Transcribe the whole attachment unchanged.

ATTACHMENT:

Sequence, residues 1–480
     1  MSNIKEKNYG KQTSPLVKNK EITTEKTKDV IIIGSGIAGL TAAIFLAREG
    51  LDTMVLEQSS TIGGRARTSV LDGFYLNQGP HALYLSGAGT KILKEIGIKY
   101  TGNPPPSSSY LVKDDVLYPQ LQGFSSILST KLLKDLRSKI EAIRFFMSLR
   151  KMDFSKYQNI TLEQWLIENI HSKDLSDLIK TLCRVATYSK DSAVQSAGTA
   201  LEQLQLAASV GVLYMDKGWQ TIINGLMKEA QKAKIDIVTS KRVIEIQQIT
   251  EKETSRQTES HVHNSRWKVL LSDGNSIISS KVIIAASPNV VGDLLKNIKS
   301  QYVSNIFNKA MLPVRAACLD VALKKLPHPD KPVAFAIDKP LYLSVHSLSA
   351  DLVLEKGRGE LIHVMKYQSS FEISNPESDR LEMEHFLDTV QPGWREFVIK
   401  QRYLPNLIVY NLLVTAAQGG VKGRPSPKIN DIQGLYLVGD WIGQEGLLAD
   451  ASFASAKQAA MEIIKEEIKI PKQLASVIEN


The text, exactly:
Sequence, residues 1–480
     1  MSNIKEKNYG KQTSPLVKNK EITTEKTKDV IIIGSGIAGL TAAIFLAREG
    51  LDTMVLEQSS TIGGRARTSV LDGFYLNQGP HALYLSGAGT KILKEIGIKY
   101  TGNPPPSSSY LVKDDVLYPQ LQGFSSILST KLLKDLRSKI EAIRFFMSLR
   151  KMDFSKYQNI TLEQWLIENI HSKDLSDLIK TLCRVATYSK DSAVQSAGTA
   201  LEQLQLAASV GVLYMDKGWQ TIINGLMKEA QKAKIDIVTS KRVIEIQQIT
   251  EKETSRQTES HVHNSRWKVL LSDGNSIISS KVIIAASPNV VGDLLKNIKS
   301  QYVSNIFNKA MLPVRAACLD VALKKLPHPD KPVAFAIDKP LYLSVHSLSA
   351  DLVLEKGRGE LIHVMKYQSS FEISNPESDR LEMEHFLDTV QPGWREFVIK
   401  QRYLPNLIVY NLLVTAAQGG VKGRPSPKIN DIQGLYLVGD WIGQEGLLAD
   451  ASFASAKQAA MEIIKEEIKI PKQLASVIEN